Strata forges ahead after management changes
Company expects to top $17 million in revenueAugust 3rd, 2017
Jim Murphy, CEO of Strata Inc., which specializes in geotechnical engineering and construction material testing and inspection, says the company has transitioned quickly from a leadership change that occurred in March this year.
Murphy—who previously shared Strata’s COO duties—replaced Travis Wambeke as CEO. Wambeke left Strata to operate his own construction material testing company in Pullman.
Meanwhile, Paxton Anderson, who was a COO alongside Murphy, was named as Strata’s northern region manager overseeing the company’s offices in Spokane Valley, Coeur d’Alene, Richland, and Missoula.
Strata hired Murphy and Anderson in 2011 when it merged with former Gillette, Wyo.-based Consolidated Engineers & Materials Testing Inc., which Murphy owned and operated.
Strata’s corporate office is based in Boise and that office has the largest number of employees among the company’s 12 offices with 40 workers. The Spokane Valley office has 20 employees. Overall, Strata has 120 employees working in five states, Murphy says.
Here, Strata operates an accredited materials testing laboratory. The office and lab space combined occupies 6,000 square feet of space at 10020 E. Knox.
The laboratory applies daily stress tests to concrete and asphalt for projects it oversees to ensure they meet building design criteria and required regulatory codes. The company also deploys a fleet of mobile labs across the region to conduct field tests, he says.
Strata’s job is to oversee the interaction between a construction project and the soil and rock upon which the project is being built, Murphy says.
“It’s taking a little bit of geology in with constructive materials like concrete, asphalt, steel, and wood and making sure that those interactions are going to give us the right performance in the construction project,” he says.
It had total revenue of just under $16 million last year, and Murphy says the company has set a goal to reach $17 million this year.
Locally, Strata’s offices here, Coeur d’ Alene, and Richland reported $4.3 billion in combined billings last year, up from $2.8 million in combined billing for 2015.
Murphy credits Anderson for his efforts in establishing an office in Richland two years ago and for recognizing the growth taking place in the Tri-Cities.
“He’s re-established us in that market, and it’s been good for us,” Murphy says.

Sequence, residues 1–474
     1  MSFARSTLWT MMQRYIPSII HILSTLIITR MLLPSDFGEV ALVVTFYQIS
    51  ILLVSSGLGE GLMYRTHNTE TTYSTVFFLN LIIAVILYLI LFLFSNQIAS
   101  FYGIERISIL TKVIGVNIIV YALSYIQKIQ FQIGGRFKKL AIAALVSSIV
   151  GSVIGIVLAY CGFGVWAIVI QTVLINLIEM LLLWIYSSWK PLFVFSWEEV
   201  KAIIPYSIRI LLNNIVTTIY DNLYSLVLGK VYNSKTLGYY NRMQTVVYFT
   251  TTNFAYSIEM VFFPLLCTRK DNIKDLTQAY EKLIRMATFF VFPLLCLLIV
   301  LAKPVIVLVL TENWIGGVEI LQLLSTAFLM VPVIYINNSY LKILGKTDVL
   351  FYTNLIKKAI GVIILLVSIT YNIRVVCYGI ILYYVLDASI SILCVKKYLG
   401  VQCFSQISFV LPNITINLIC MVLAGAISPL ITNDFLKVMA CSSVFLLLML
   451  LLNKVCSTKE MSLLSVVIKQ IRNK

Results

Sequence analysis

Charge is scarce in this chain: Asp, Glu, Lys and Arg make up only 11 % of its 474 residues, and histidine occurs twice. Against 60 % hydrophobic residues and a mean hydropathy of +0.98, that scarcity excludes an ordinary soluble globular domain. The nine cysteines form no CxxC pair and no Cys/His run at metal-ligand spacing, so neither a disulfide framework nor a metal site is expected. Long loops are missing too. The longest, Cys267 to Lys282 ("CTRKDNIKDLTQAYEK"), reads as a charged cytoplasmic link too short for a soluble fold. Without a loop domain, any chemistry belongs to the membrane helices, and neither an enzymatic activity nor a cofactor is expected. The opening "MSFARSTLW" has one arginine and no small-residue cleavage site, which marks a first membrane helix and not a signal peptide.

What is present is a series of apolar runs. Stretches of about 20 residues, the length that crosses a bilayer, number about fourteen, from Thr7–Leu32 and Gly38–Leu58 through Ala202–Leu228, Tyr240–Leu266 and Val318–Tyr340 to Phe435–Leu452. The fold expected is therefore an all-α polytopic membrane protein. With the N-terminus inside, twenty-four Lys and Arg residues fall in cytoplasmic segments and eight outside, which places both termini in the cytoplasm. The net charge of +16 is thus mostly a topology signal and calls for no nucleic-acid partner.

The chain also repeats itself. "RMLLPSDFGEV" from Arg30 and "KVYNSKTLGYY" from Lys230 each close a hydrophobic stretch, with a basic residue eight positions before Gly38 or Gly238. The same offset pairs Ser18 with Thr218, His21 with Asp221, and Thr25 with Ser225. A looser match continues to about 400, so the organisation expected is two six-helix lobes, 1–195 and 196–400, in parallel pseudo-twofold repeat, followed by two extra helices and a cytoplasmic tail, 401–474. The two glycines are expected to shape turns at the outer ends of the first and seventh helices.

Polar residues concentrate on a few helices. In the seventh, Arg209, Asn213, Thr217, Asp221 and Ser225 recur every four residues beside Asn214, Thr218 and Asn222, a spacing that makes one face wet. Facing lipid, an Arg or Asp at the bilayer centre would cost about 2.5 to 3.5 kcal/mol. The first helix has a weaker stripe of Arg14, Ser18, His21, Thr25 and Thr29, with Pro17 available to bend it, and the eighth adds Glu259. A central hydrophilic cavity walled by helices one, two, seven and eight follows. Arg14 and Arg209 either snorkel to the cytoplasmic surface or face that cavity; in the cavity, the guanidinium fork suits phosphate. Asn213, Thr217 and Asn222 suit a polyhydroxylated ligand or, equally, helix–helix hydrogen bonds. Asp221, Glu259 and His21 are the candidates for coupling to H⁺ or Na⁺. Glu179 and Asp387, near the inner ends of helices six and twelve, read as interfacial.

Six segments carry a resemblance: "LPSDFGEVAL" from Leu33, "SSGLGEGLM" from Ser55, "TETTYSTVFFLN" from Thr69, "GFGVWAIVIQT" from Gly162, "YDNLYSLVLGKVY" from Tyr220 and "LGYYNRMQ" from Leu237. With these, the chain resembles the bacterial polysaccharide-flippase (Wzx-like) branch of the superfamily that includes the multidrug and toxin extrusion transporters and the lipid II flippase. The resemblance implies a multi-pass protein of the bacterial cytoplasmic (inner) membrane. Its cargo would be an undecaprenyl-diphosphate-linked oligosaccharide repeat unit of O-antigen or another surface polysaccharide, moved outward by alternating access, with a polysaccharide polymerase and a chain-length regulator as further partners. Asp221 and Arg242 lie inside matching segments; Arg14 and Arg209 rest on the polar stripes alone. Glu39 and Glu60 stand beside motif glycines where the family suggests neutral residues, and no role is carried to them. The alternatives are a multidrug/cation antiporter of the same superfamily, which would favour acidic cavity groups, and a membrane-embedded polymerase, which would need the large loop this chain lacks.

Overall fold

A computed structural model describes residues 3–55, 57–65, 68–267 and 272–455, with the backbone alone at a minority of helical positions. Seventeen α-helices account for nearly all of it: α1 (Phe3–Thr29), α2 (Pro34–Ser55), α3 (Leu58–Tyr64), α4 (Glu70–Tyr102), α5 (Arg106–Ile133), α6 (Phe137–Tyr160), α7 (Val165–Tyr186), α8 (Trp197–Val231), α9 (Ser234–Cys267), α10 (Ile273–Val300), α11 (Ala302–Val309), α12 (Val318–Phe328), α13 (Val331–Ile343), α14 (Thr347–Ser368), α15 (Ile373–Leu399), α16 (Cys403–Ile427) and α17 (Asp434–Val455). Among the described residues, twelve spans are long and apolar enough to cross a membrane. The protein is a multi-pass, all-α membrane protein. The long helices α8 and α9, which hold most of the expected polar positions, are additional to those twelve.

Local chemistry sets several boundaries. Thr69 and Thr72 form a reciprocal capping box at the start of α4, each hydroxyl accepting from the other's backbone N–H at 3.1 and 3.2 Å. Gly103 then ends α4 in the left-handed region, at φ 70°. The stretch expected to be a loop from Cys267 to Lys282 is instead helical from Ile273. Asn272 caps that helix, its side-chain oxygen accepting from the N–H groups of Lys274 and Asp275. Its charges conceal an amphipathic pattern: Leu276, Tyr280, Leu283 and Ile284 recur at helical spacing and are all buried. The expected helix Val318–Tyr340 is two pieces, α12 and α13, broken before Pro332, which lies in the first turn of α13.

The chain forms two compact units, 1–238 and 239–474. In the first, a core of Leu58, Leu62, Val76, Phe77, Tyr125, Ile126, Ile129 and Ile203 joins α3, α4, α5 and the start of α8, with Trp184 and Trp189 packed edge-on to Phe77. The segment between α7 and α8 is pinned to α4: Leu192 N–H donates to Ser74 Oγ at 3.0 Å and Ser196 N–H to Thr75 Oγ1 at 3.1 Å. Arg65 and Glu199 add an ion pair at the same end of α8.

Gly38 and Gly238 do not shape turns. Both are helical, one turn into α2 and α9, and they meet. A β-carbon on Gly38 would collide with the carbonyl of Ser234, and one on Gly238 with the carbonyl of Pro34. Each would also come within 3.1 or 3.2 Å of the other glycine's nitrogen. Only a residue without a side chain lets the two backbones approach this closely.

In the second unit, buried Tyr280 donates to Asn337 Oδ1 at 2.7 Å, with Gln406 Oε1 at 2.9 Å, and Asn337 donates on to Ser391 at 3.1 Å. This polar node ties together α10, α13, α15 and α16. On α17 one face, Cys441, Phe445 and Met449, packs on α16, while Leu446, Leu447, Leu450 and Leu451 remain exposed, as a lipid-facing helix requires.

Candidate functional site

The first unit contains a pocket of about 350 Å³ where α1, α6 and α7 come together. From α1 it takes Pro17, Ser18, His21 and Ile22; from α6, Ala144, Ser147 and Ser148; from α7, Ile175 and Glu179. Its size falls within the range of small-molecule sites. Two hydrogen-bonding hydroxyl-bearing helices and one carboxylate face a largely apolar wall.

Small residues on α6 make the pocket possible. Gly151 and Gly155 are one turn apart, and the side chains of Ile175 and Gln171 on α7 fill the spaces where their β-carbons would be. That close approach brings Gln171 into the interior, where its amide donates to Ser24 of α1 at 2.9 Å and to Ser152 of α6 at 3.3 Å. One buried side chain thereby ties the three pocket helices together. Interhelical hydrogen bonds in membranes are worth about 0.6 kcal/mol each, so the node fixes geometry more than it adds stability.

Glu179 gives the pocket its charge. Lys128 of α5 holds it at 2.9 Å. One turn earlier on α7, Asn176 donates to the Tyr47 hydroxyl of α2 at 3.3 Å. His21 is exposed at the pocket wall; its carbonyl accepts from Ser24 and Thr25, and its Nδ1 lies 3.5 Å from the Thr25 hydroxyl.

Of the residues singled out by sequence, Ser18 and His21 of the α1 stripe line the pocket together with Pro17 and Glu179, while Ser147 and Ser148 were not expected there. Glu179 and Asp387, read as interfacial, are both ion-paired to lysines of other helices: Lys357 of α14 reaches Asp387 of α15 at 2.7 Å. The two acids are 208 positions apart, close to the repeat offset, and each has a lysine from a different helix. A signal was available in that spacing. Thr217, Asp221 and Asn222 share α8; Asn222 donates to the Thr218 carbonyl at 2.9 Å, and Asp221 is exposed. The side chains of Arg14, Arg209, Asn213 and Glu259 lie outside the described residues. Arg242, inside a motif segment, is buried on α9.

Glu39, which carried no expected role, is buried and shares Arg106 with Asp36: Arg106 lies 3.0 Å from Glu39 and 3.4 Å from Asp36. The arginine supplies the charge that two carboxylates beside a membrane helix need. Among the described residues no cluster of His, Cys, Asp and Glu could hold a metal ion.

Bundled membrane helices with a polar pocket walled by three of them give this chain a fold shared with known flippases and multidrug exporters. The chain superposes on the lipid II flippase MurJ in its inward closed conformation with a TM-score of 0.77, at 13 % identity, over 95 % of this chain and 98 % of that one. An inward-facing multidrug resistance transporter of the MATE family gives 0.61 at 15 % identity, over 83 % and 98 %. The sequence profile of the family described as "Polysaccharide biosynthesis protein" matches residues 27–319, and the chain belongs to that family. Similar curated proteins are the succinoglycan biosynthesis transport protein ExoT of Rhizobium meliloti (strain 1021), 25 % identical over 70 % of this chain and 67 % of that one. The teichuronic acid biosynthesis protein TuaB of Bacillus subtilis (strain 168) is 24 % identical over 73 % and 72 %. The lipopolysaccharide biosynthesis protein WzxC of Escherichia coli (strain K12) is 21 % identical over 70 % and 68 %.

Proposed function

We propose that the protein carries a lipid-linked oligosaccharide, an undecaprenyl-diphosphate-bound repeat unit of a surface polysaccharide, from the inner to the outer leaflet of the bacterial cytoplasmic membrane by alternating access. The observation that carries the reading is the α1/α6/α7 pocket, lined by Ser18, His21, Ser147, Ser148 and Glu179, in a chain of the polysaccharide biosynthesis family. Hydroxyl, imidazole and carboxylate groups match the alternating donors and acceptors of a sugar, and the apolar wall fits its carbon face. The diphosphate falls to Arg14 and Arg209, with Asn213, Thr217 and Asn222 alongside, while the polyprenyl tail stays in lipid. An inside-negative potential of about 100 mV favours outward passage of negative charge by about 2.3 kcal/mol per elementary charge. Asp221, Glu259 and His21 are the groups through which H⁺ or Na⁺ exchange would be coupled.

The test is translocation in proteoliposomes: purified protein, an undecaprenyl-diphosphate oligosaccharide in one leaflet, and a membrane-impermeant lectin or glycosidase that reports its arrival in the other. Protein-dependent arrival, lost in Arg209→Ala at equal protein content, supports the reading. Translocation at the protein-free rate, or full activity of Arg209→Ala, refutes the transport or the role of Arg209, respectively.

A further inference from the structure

Strata’s Coeur d’Alene office is at 280 W. Prairie and has four employees working in just a little over 1,500 square feet of office and laboratory space. The Spokane Valley and Coeur d’Alene offices collaborate on projects regularly, Murphy says.
Strata’s offices are located in Twin Falls, Pocatello, and Idaho Falls, Idaho; Casper, Cheyenne, and Gillette, Wyo.; and Williston, N.D., he says.
“We work on large, public works projects; dams, power plants, and airports are just a few of the kinds of projects we have a hand in,” Murphy says. “We stay away from residential projects.”
Strata was the geotechnical engineer and materials tester during the expansion of the Spokane Convention Center, and currently is performing those same duties for the city of Spokane in its $64 million renovation of Riverfront Park, Murphy says.
Strata’s other clients include Spokane Airports, the Idaho Department of Transportation, and a “major utility company” in the Pacific Northwest that Murphy declines to identify.
“We’re doing close to 20 airport projects this year across the entire company,” he says. “And schools, lots of school work this year, including the Liberty High School project down in Spangle.”
The majority of Strata’s work centers on construction materials testing, with a small amount of work dedicated to environmental consulting, Murphy says.
“So, when you’re building a bank building in downtown Spokane, we do the inspection to make sure the contractor is building it to the design that was put forth by the structural engineer and the architect,” he says.
Internally, Murphy says Strata is in the process of crafting a new strategic plan based on feedback from employees. Not long after Murphy took over as CEO, Strata hired an independent consultant to help the company create short-term and long-term goals for itself.
“It’s about refocusing the company on the people within the company,” Murphy says. “And they all deserve the same care and concern.”
Rather than create a management-based plan, Strata went to its employees and solicited feedback, he says.
“We went to the employees and said, ‘Tell us what our values are, what’s important to us as a team and as a group of people who come here to work every day,’” he says.
Murphy says geotechnical engineering has changed dramatically in the more than three decades he’s been in the industry.
“The forces of the market have really pushed our business into being more of a commodity. The creator of the project often thinks, ‘I’ve got to have this certain amount of testing and inspection done so I’ll just hire the cheapest company for it,’” Murphy says.
“We don’t want to be the cheapest. We want to be the best at a reasonable price. We want our employees to feel secure and satiated professionally,” he says.
As for Murphy, the 53-year-old Gillette native earned his bachelor’s degree in philosophy from Gonzaga University in 1986.
“I worked for the Wyoming highway department in the summers, and that’s what eventually led me into this business,” he says.
“A lot of people chuckle when I tell them I have a philosophy degree, but I have to say, it has served me in my role as a leader immensely,” he says.
Murphy says his degree helped him become a strong critical thinker.
“So many people I’ve seen are well trained, but being able to take the training and apply it outside of the box in new and innovative ways can be real challenging,” he says.